New Insights Into Adult-Onset Type 1 Diabetes

Type 1 diabetes, a chronic condition affecting millions of young individuals globally, is not exclusive to childhood. As much as half of all cases are diagnosed during adulthood, and there is a need to understand factors contributing to the development of type 1 diabetes in adults. A new study at Karolinska Institutet now provides new insights into the development of the disease in adults. The results are presented in Lancet Diabetes & Endocrinology.

Yuxia Wei, photo: Jingwei Zhao

The research, conducted at the Institute of Environmental Medicine, was based on data from over 2.8 million individuals, and the aim was to compare the heritability of type 1 diabetes in adults and children. The findings indicate that having a first-degree relative with the condition significantly increases the risk of developing type 1 diabetes as an adult and the risk is higher if the relative developed diabetes early. Overall, heritability is lower for type 1 diabetes in adults than children.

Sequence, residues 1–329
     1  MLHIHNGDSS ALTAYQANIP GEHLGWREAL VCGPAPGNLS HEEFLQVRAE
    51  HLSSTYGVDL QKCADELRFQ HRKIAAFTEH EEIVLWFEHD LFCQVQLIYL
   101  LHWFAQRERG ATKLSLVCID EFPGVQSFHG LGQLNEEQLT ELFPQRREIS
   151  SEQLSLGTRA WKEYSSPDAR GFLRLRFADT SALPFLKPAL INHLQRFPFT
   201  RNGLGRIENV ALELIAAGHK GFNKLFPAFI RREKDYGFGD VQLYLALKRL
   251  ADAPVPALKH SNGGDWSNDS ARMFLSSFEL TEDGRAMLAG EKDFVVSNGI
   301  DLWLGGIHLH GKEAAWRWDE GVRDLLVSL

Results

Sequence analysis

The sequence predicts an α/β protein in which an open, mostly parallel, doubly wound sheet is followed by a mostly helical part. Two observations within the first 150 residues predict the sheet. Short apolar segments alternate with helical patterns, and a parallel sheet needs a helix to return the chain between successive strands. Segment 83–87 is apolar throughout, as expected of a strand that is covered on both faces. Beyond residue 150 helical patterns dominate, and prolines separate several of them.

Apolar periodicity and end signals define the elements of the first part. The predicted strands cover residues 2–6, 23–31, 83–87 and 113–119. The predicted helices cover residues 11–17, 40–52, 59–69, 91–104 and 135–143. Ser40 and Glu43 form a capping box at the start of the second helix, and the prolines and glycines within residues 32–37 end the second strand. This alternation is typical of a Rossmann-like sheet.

Yuxia Wei, PhD student at the Institute of Environmental Medicine and first author, notes:

– Our study provides new insights on the causes of type 1 diabetes in adults. The lower heritability in adults suggests that environmental factors play a larger role for disease development in adults than children.

Sofia Carlsson

Sofia Carlsson, photo: Stefan Zimmerman

Implications for Future Research and Interventions

The study underscores the need for further research to identify environmental factors contributing to adult-onset type 1 diabetes.

– Understanding these factors is crucial for developing targeted interventions to prevent the disease’s development, Sofia Carlsson, senior lecturer at the Institute of Environmental Medicine adds.

The study is financed by the Research Council, the Research Council for Health, Working Life and Welfare, the Diabetes Foundation and China Scholarship Council.


Familial aggregation and heritability of childhood-onset and adult-onset type 1 diabetes: a Swedish register-based cohort study

Yuxia Wei, Shengxin Liu, Tomas Andersson, Maria Feychting, Ralf Kuja-Halkola, Sofia Carlsson

Lancet Diabetes & Endocrinology


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